For the initial study presented in the paper, I interviewed five librarians from research libraries at the University of Illinois, University of Michigan, University of Virginia, and Indiana University who have been extensively involved in supporting and teaching the TEI at their libraries. From their responses, I outlined three particular facets of library support of the TEI: Teaching, tutorials, and tools. In the interviews, I learned that librarians teach TEI encoding and XML to their campus faculty and students in environments ranging from graduate seminars to campus-wide workshops. Other librarians have created online tutorials that provide widely-accessible portals to self-directed learning of the TEI for their campus community and the larger scholarly community. And other libraries are developing databases and tools that facilitate text mining with TEI.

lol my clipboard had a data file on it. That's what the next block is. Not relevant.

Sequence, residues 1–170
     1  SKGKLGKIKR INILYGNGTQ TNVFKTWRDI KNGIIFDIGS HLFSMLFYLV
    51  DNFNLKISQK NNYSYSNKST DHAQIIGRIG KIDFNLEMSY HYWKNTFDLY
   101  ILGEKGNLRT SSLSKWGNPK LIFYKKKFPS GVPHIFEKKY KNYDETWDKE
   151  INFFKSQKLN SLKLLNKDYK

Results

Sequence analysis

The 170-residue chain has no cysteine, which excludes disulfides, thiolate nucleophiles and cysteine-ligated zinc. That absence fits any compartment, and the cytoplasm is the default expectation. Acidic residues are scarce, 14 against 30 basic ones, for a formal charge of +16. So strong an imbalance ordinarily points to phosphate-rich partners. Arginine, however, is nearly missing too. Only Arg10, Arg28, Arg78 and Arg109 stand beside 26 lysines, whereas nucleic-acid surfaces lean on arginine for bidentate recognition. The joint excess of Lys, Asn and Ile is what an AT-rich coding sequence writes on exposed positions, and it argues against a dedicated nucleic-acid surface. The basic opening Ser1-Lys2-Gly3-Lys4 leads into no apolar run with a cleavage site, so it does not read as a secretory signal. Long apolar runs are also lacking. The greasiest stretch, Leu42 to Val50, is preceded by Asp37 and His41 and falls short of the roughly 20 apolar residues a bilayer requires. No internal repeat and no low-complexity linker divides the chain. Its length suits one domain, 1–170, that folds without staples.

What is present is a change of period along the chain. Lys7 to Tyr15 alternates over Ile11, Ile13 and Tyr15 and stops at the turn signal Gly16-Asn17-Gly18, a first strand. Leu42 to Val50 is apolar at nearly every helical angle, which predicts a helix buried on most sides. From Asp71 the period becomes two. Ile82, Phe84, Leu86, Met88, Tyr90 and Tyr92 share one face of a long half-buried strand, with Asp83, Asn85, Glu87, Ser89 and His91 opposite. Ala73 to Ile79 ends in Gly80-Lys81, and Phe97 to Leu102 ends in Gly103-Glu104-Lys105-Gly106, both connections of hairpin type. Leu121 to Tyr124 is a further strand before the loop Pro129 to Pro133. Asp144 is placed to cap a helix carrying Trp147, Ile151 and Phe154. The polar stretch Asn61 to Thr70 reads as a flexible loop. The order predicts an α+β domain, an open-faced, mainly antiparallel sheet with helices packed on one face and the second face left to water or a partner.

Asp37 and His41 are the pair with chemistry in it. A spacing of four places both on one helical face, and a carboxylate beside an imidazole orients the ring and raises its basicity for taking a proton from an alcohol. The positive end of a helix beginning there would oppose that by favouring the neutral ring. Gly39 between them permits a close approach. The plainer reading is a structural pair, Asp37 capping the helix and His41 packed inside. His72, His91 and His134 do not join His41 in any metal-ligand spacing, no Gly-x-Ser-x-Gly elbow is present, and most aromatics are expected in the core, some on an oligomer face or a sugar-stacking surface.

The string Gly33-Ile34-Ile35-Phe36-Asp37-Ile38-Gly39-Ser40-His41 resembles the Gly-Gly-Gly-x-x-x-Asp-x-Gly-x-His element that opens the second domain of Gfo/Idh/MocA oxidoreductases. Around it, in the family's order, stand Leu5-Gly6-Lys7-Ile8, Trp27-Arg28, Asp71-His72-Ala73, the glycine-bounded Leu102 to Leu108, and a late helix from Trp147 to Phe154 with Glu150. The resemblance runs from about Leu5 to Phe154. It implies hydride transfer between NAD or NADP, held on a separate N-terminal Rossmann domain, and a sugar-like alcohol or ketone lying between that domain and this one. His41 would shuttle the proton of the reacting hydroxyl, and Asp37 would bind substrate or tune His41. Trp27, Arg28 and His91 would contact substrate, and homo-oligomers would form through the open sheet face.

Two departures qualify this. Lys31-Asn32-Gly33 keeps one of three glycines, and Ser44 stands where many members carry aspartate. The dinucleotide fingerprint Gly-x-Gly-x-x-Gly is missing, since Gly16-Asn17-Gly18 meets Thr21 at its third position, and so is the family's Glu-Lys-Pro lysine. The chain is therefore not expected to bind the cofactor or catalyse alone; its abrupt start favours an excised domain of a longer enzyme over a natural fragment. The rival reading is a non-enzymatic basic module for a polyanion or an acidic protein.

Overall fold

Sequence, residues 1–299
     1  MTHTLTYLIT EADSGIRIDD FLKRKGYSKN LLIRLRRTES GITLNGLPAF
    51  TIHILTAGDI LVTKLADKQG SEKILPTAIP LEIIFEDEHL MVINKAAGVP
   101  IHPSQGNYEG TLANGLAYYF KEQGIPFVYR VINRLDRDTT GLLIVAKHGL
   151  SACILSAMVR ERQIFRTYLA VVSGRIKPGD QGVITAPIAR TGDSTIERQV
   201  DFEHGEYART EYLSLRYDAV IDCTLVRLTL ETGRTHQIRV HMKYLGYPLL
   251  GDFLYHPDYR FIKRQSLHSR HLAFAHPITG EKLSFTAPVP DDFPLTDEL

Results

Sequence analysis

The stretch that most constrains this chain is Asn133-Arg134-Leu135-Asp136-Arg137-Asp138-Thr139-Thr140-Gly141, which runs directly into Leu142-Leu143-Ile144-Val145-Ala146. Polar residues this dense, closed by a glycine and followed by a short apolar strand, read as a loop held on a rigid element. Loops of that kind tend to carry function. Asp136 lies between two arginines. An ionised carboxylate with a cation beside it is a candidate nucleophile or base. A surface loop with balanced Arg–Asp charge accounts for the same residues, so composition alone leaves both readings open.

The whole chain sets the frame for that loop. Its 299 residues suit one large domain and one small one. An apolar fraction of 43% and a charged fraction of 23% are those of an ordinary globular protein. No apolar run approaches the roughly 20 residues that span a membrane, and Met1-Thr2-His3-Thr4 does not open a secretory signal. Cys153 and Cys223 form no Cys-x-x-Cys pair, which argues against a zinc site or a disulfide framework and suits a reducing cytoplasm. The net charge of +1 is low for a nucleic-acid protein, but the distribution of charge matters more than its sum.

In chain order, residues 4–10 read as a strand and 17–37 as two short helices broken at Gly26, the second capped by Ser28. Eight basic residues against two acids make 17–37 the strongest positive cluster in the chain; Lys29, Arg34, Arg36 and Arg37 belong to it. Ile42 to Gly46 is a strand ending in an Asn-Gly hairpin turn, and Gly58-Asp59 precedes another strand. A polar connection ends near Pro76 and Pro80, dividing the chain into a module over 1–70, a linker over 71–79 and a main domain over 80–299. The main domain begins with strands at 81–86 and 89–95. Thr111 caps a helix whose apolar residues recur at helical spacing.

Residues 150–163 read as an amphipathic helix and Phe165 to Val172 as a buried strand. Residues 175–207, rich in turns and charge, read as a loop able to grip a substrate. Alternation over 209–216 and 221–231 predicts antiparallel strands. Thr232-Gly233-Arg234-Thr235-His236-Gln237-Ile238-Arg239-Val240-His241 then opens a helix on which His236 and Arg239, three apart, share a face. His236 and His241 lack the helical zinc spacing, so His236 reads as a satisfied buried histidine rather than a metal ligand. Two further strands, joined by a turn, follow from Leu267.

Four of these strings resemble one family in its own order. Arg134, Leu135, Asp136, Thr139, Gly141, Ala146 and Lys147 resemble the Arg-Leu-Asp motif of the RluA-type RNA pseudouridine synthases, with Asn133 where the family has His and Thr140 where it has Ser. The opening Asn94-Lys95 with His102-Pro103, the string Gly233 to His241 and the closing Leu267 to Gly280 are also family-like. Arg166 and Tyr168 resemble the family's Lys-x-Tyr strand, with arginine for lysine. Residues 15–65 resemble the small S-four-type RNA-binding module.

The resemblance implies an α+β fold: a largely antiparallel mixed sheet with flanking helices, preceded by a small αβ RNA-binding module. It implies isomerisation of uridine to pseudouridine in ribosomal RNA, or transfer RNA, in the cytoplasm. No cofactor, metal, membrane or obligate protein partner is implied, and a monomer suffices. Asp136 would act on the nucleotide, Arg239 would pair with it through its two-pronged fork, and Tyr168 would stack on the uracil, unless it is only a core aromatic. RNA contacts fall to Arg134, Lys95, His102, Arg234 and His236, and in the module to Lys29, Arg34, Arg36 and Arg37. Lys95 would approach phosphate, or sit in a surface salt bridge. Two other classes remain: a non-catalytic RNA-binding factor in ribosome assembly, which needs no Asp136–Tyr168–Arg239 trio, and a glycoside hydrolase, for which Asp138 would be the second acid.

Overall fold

[pullquote]The teaching of XML and TEI can be a crucial way for libraries to make new inroads with their constituents in digital and information literacies.[/pullquote]In my analysis, these interviews began to reveal that through these research services for the TEI, libraries can promote digital literacy: The dissemination of TEI through instruction and research services can be critically linked to concepts of digital literacy. The librarian interviewed from Virginia strongly felt that “I feel that TEI is still an important thing for faculty and students to know, and I still continue to support it.” The librarian from Indiana University also noted that in the English graduate course she taught on applying TEI for the Victorian Women Writers Project, the way that students read texts was transformed: “It changed the way they read,” she said. “You could see it when they were encoding that they were reading every single word and noting every punctuation mark, and that they were reading in a way they hadn’t before.” As such, faculty and students’ ability to translate texts into a format for digital use could be construed as a skill falling within the tenets of digital literacy.